Blue Planet: Richard Leakey On Climate
by Dan Whipple
Caretakers and supporters of the world's wildlife parks are beginning to see the connection between climate change and the health of the planet's wild places. Famed paleontologist and conservationist Richard Leakey is one.
Leakey, along with other scientists and policy-makers, will gather next week at an environment conference at Stony Brook University in New York as experts discuss how to protect biodiversity in the parks.
As a start, Leakey is hoping governments, companies and international agencies will establish a $100 million fund to help those efforts.
"Where I'm coming from, I have spent quite a bit of my time looking at conservation in Africa. Climate change is upon us, and I'm not sure that anyone is giving any thought to maintaining the national parks systems," Leakey told UPI's Blue Planet.
"Will the systems within the parks survive a 3 degree (Celsius) change at the poles, a different pattern of monsoons? We should be rethinking the boundaries to give the parks a better chance in the future."
Leakey came to fame as he excavated the eastern shore of Kenya's Lake Turkana to find, as he called it, "a veritable treasure trove of ancient hominid fossils."
He and his team eventually recovered more than 200 fossils from the site, the most famous of which was a Homo erectus dubbed "Turkana Boy," roughly 1.6 million years old and still one of the most complete fossils ever found.
Leakey's interests later turned to wildlife conservation. Between 1968 and 1989, he was director of the National Museums of Kenya.
Then from 1989 to 1994, he served as director of the Kenya Wildlife Service, where he spearheaded efforts to end elephant poaching. He resigned after surviving a serious plane crash.
Leakey admitted he is no climate expert, but said: "There is an inherent complacency in governments around the world that this is a natural system. So, you let it alone, it takes care of itself, but it is not natural. You are really looking at a series of islands of biodiversity. We've cut off the natural opportunities for coping with a changing climate."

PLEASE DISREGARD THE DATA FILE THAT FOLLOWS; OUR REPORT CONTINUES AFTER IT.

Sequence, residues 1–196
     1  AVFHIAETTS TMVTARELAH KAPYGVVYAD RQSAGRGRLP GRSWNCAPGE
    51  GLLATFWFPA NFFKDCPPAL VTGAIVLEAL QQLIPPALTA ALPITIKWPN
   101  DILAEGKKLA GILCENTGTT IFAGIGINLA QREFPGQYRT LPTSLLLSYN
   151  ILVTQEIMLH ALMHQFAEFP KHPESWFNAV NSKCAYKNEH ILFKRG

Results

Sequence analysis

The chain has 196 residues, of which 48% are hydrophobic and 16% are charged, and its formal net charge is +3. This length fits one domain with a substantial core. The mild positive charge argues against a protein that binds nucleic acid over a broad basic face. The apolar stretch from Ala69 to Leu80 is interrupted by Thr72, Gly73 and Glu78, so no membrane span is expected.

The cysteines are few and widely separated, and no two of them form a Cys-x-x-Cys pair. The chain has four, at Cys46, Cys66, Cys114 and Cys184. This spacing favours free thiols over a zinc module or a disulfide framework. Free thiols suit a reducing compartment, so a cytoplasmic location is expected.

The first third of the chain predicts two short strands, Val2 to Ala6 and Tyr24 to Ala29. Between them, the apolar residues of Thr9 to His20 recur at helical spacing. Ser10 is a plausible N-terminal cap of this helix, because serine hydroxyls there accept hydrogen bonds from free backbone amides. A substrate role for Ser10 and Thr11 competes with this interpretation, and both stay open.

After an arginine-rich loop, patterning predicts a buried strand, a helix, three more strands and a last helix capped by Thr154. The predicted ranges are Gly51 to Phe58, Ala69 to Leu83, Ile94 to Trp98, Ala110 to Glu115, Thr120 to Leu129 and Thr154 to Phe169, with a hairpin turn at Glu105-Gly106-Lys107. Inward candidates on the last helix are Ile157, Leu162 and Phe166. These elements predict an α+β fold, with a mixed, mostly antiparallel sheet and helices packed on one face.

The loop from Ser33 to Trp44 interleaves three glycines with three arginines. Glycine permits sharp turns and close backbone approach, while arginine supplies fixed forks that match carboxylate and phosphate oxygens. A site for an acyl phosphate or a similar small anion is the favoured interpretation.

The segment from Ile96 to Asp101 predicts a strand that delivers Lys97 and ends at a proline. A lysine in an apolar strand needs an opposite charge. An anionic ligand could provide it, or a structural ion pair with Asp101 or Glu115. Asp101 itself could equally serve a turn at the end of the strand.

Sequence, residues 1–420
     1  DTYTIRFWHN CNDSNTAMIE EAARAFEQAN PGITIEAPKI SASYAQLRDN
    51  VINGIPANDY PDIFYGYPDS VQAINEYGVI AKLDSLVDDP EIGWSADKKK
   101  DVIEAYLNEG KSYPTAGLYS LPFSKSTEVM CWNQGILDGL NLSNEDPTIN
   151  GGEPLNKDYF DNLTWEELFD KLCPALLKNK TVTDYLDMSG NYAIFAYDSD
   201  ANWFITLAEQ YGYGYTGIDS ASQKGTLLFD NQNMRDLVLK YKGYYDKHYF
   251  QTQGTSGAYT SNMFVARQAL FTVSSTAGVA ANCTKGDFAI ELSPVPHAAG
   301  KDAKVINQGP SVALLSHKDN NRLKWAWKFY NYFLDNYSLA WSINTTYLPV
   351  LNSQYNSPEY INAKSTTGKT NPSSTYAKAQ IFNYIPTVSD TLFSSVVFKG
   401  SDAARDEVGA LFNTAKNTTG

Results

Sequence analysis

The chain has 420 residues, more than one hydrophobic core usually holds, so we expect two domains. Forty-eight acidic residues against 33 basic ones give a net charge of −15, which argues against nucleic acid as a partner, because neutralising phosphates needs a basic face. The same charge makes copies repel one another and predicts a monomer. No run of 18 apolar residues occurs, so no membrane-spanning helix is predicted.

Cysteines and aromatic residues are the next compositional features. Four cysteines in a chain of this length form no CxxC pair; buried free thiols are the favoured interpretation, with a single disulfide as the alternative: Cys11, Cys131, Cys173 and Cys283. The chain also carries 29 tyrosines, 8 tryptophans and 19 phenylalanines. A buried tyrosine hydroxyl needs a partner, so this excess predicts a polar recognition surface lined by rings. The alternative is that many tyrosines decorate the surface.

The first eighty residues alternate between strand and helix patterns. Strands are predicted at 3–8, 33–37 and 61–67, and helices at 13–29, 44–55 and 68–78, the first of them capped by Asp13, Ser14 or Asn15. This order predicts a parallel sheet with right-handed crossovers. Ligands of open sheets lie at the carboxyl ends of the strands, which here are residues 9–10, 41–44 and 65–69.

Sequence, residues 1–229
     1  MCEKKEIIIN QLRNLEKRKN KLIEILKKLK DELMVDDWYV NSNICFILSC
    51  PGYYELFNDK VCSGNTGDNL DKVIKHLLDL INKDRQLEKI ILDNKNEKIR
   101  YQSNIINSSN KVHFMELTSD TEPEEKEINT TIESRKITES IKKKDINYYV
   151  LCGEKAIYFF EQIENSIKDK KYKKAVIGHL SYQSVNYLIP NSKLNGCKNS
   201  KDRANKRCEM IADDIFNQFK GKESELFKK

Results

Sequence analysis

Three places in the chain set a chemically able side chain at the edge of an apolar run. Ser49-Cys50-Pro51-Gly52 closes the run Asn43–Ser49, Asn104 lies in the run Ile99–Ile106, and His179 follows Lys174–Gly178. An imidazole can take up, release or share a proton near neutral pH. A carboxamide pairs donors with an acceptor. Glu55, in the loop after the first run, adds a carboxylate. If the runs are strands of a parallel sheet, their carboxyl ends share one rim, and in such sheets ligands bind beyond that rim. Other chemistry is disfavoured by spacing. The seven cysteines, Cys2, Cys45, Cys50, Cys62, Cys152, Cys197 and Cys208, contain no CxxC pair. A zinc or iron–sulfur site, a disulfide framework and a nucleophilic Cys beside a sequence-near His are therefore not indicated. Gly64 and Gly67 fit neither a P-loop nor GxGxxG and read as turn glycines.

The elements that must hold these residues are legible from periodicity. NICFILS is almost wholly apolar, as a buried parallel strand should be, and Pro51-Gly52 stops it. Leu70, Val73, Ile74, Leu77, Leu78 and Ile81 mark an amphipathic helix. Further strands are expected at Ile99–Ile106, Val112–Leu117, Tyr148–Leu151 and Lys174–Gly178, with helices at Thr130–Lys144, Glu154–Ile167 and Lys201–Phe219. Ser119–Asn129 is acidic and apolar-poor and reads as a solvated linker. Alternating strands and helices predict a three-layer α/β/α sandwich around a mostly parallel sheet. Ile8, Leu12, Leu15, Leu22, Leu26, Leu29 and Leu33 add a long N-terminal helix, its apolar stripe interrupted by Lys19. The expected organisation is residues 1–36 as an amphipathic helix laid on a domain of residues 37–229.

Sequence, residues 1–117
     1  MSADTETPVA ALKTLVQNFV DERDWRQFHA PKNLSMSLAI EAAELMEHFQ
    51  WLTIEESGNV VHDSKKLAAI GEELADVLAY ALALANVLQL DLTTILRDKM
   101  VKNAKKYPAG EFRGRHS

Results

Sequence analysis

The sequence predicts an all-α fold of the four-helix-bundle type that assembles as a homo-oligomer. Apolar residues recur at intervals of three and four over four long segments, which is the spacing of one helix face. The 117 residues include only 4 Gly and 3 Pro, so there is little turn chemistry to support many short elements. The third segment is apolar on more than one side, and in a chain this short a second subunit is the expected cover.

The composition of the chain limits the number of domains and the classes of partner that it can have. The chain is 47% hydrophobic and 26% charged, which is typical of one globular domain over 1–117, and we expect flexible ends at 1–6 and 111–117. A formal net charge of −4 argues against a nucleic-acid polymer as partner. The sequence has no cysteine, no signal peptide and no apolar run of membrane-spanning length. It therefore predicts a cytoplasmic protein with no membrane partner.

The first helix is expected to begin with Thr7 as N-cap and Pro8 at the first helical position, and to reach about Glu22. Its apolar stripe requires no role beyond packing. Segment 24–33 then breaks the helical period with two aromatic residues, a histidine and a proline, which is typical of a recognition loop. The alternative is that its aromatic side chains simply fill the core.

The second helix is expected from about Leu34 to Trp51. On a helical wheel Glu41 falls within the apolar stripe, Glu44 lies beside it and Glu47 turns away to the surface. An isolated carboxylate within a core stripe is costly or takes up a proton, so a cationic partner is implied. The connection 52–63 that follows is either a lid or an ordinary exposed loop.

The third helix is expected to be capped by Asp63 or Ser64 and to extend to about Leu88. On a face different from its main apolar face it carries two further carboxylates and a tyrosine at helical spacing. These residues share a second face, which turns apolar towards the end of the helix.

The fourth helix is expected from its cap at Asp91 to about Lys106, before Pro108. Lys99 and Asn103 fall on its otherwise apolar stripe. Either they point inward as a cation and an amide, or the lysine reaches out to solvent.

In the past, Leakey said, animals could respond to changing climatic conditions by expanding or contracting their ranges. This option frequently is not available, having been cut off by human settlement and activity.
In his book "The Sixth Extinction," Leakey wrote migration "illustrates the need of species to move when climate changes, if they can. Sometimes the climate change is too extensive for species to be able to respond; and geographical barriers such as rivers and mountains can block the only route available. When this happens, extinction is the most likely outcome."
Leakey said the signs of warming are discernible in Africa.
"It's obvious in the loss of the ice caps in the high mountains. Kilimanjaro has lost its glaciers," he said.
"The glaciers on Mount Kenya have lessened over the last decade. The permanent ice has been there for more than 10,000 years."
The effects of such changes probably will not be immediate.
"I don't think you'll see the elephants peel off and die," Leakey said, "but what impact will it have on the food chain, the sources of water? Huge numbers of creatures will have no water, then what do you do?"
There are some very big issues at hand, he said, and they are beyond any particular country's ability to correct.
"Global warming is having an enormous impact on climates and a related impact on all sorts of habitats," Leakey continued.
"Together, these are creating a crisis for humanity. Natural disasters cause a crisis for economies - economies in crisis cause a crisis on the land; crises on the land cause crisis in soil and water conservation."
What it comes down to, he added, is "change climate dramatically and conservation, in any context, is adversely affected ... We are in another period of great extinction."
In particular, Leakey said, no one is doing enough in the tropics.
"There is a general feeling that tropical areas are more resilient than non-tropical areas," he said, "but I don't think we know the size of the alarm. What (the upcoming conference at) Stony Brook is doing ... is being a whistle blower. There is no point in putting it off."
Blue Planet is a weekly series examining the relationship of humans to the natural world, by environmental reporter Dan Whipple.
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